Last year was a bumper year for equities, but it wasn't a great one for the economy. However, the commercial aerospace sector stood out, because according to the International Air Transport Association, or IATA, end market conditions progressively improved through 2013. Moreover, the IATA is forecasting an even better year in 2014, so prospects for commercial aerospace plays like Boeing (NYSE: BA ) , cabin manufacturer BE Aerospace (NASDAQ: BEAV ) ,aviation services company AAR Corp (NYSE: AIR ) and airframe product manufacturer Precision Castparts (NYSE: PCP ) are looking good, too.
IATA Industry Forecasts
The following graph demonstrates how the IATA's expectations for commercial airline profitability in 2013 progressively got better through the year. Meanwhile, its forecast for world economic growth actually declined over the period. In September of 2012, the IATA forecasted world economic growth in 2013 to be 2.5%, while the latest forecast from December of this year was just 2%. http://www.iata.org/whatwedo/Documents/economics/IATA-Economic-Briefing-Financial-Forecast-December-2013.pdf
Moreover, its latest forecast for 2014 sees global net profits expanding to $19.7 billion from 2013, an increase of 52%. Among these improvements, there is a remarkable turnaround taking place in terms of regional prospects.
Back in 2010, Asia-Pacific airlines generated $11.1 billion in profit, while North American airlines only made $4.2 billion. However, the IATA is forecasting North American airline commercial airline profits to increase to $8.3 billion in 2014 from $5.8 billion this year. Meanwhile, Asia-Pacific commercial airline profits are forecast to be only $4.1 billion in 2014.
The obvious answer would be that passenger traffic growth must have gone up, but according to the IATA, North American growth isn't going up by much, and is still noticeably less than in the Asia-Pacific region.
So how and why have North American (and to a lesser extent European) airlines suddenly become more profitable, and how can Foolish investors take advantage?
More pricing power, more efficiency
There are two primary reasons for this increased profitability. First, North American airlines are seeing greater pricing power thanks to a slowly improved economy. Second, they are taking substantive productivity measures to increase profitability. These two factors will combine to drive growth in the future.
You can see the pricing power in the fact that the IATA forecasts that global net profit per departing passenger in 2014 will be at $5.94 in 2014 -- a level not seen since the peak of 2007. Western airlines' willingness to improve productivity includes buying more modern and efficient planes from Boeing and Airbus. It's significant that the airlines placing the largest orders for Boeing planes as of mid-December this year were American Airlines and European budget carrier Ryanair, with 143 and 175, respectively, out of Boeing's total of 1074. Furthermore, Boeing can look forward to a strong order book in 2014 because the IATA predicts that overall passenger load factors (a measure of airplane capacity utilization) will rise to 81.3% in 2014. In other words, capacity pressures are likely to encourage more investment in new airplanes.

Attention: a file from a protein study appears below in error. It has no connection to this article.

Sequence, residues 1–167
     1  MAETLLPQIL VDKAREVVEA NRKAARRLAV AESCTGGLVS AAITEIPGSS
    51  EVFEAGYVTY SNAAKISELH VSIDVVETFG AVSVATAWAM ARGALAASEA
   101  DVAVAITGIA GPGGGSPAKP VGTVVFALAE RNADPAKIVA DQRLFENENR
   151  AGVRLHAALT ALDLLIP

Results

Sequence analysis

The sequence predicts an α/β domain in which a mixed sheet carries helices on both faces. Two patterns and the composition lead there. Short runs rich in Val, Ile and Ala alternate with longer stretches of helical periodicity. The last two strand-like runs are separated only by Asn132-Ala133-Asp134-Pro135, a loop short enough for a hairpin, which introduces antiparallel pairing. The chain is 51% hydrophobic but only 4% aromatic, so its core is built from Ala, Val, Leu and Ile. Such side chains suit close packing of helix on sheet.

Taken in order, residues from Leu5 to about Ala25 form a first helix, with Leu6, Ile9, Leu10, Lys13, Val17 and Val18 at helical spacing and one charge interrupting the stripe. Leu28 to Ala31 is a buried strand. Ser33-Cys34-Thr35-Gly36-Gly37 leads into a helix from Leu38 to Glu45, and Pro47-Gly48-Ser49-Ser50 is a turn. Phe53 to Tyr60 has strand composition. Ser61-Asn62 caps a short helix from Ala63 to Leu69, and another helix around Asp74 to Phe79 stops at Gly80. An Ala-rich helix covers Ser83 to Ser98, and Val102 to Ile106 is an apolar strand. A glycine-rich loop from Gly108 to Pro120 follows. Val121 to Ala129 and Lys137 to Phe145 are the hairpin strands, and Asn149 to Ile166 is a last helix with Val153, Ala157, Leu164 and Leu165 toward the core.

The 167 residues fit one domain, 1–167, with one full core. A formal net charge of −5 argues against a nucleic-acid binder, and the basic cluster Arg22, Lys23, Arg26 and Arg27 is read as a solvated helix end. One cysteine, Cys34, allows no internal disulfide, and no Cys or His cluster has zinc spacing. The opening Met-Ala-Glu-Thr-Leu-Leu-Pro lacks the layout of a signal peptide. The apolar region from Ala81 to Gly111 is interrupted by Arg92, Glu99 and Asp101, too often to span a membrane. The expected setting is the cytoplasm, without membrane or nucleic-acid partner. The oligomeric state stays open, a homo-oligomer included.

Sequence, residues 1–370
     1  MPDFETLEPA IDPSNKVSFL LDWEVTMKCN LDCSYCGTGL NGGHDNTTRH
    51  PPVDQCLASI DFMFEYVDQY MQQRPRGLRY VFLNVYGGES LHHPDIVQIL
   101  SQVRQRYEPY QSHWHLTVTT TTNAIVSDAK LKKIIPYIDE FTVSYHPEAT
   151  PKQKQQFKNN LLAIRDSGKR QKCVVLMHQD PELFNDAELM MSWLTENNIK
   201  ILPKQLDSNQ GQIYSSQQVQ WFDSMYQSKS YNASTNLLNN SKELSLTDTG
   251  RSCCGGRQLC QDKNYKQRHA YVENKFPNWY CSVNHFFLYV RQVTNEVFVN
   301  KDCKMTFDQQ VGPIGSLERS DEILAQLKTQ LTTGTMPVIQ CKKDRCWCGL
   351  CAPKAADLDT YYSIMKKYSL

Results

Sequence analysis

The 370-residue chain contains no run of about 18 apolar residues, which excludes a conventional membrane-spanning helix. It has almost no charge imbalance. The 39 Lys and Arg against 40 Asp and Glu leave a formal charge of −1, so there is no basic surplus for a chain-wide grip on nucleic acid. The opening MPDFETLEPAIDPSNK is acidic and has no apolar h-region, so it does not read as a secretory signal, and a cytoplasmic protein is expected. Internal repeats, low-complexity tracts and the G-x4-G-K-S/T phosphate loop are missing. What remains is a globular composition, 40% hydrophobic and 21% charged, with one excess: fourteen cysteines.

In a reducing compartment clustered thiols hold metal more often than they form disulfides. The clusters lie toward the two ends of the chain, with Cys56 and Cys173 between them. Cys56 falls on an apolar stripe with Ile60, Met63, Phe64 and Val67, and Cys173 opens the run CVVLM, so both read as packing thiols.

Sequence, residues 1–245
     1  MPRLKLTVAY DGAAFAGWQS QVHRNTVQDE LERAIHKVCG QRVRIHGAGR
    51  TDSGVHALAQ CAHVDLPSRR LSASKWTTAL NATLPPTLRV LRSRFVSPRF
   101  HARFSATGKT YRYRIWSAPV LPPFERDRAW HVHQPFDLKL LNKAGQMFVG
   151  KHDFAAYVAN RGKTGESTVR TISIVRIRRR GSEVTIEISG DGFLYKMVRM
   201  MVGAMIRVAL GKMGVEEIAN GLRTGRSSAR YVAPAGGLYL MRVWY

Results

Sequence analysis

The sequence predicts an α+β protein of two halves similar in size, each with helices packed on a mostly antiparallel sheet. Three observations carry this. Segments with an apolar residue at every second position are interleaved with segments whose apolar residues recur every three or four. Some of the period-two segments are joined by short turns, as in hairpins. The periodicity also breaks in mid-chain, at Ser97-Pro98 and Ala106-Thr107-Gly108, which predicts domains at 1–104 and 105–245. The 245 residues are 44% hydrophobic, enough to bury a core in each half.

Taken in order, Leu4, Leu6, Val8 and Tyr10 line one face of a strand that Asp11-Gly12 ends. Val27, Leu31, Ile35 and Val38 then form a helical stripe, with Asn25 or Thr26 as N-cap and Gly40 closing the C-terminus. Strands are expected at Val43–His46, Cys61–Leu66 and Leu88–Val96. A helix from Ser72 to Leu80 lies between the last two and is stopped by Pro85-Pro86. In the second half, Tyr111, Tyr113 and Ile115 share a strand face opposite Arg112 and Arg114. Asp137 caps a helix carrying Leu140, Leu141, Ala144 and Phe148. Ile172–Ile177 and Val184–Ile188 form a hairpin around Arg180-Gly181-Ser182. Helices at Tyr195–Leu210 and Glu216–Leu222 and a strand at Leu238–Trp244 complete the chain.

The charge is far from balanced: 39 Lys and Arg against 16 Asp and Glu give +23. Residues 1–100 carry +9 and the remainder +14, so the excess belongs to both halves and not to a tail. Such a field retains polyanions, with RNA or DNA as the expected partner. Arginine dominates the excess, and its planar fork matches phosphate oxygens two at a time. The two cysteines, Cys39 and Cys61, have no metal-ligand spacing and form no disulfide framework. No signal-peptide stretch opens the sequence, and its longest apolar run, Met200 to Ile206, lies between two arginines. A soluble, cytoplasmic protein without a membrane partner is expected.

BE Aerospace, Precision Castparts, and AAR Corp
BE Aerospace is also a key beneficiary of the upswing in commercial aerospace. Not only does it offer newbuild cabins, but its retrofit orders should also increase as airlines become more profitable. In addition, at its last results, BE Aerospace announced the first delivery of its modular lavatory system on a Boeing plane delivered to Delta Airlines.
Precision Castparts has invested heavily in preparation for the upswing, and appears to be ready to realize the fruits of its investment. Precision bought longtime Boeing supplier TIMET for $2.9 billion in 2013. . Furthermore, Precision has been investing in ramping up production capacity for the Boeing 737 and 787 Dreamliner. Given that these two airplanes have received 74% and 17% of Boeing's total net orders for the year to Dec 2013, it looks like a smart move.
AAR Corp helps airlines improve productivity by allowing airlines to outsource logistics and spare parts provision. AAR is clearly looking to expand its supply chain activities. According to CEO, David Storch on its recent conference call:
So as we think about the supply chain piece itself, one of the things we'd like to do is build out, and we've talked about this before, geographic expansion. And we are looking at a fairly sizable deal that would expand our presence
However, AAR makes less than two-thirds of its sales to commercial customers with the rest going to defense and government customers. It's not really a pure-play commercial aerospace company, but it is nicely exposed to airlines seeking to cut costs.
The bottom line
Prospects look good for the commercial aerospace industry in 2014, and provided the global economy holds up, the sector has the opportunity to outperform. North American airline profitability is leading the way, and Foolish investors would we will advised to look at companies servicing demand from them. The commercial aerospace upswing isn't over yet.
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